But we don’t always like our partner. In fact, sometimes we treat our Beloved worse than we would treat any stranger. We react so heartlessly because there is no one who can trigger us as profoundly and easily as our partner. They can take us into the deepest parts of our shadow side, far under our mask of civility and politeness and social graces, down to the waters of hatred, rage, and the primal instinct of an eye for an eye, a tooth for a tooth. It is here, in these dark depths, that we have the opportunity to grow and become more conscious of our choices and less reactive in our behaviors. It is here that we can choose to cultivate or nurture a friendship rather than hold our partner as an enemy or foe. Sometimes it helps to hold an image of your partner-as-the-Beloved who is standing behind the person in front of you that you despise at the moment. This maintaining of a quality of friendship takes continual vigilance and choice.
Trust is the third quality and is the cornerstone of these three elements. Without trust, there is no space for safety, no way to lean in towards your partner, no place to rest. When trust is lacking, the heart protects itself by shutting down. When the heart shuts down, respect and friendship suffer. Trust is not a static quality. It is not something that you get and hold onto. Rather, it is dynamic and every day, with your attitudes and actions, you are either adding to it, or taking it away. It is like money in the bank. You want to build up a reserve for those more difficult passages, those big expenses. Some events, like an affair, explode trust. The couples who find their way back from this explosion to a new, healthy connection are the ones who slowly but deliberately rebuild their trust in both their own being, and in their partner.
Trust is fostered when we do not hold secrets from our partner. We all know the cost of hiding the big secrets. But there are little moments that go unspoken or unshared that can create a secret life, almost without knowing it, that can poison the well of the relationship. Sometimes you decide that you are just too tired or frustrated to share something important with your partner, so you put it in your back pocket. Sometimes you silence your voice to prevent a fight. Over time, resentment and bitterness and even fury can grow out of this unshared, secret world. This doesn’t mean we have to share everything (because who cares about every little thing?). But we do have to share with our partner, no matter how difficult, anything that is creating a world in us that locks our partner out and is causing us to move away from the relationship or that makes our heart close down. We also don’t have to speak at the first whisper of something. Incubation time is necessary for clarity and focus. Finally, the timing and the way we share our truth makes a difference. Dropping a bomb at bedtime does not yield favorable results. The bottom line is to keep our pockets empty so that there is an openness and flow where trust flourishes and carries us.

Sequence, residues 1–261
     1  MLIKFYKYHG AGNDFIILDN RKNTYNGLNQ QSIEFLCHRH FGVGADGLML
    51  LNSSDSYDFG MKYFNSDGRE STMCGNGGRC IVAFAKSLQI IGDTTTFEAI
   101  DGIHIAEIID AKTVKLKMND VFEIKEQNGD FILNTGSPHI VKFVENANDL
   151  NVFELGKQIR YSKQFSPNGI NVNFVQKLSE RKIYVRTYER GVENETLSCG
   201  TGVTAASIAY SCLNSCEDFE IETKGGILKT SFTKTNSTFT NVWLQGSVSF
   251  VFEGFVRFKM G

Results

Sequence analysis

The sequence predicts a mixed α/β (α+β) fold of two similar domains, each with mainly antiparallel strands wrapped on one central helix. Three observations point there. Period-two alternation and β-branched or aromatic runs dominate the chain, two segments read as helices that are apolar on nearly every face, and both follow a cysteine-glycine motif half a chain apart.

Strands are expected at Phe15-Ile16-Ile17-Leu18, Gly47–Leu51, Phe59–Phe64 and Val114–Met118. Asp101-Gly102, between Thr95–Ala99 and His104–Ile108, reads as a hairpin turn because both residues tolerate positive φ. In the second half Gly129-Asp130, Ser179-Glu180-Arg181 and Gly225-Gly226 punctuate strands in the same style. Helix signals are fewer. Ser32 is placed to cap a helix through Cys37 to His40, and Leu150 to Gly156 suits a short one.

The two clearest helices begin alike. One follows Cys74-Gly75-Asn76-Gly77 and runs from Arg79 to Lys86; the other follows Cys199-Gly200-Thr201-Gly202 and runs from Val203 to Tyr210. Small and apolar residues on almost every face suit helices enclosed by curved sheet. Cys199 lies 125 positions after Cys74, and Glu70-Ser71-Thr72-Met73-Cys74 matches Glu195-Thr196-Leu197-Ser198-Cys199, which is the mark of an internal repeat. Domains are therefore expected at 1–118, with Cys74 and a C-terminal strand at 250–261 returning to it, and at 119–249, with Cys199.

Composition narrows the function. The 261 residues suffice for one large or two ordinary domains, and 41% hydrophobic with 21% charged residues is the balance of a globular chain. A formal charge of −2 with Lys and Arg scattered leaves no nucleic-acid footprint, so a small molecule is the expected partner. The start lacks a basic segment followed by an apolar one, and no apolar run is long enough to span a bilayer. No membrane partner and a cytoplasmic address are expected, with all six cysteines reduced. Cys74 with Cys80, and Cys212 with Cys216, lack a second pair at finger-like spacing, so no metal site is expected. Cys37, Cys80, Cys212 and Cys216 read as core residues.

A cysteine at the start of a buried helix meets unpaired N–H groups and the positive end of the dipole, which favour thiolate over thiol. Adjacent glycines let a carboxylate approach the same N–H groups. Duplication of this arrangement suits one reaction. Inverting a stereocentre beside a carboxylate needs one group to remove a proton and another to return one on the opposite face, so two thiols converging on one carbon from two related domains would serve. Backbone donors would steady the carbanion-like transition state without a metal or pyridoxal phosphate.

These three qualities of Respect, Friendship, and Trust are foundational elements and need to be cultivated and sustained for a relationship to prosper. Ask yourself: how am I tending to them, and where am I falling short? What can I do to enhance the Respect and Friendship that I have for my partner? How can we rest together in a Trust that is at the core of our connection?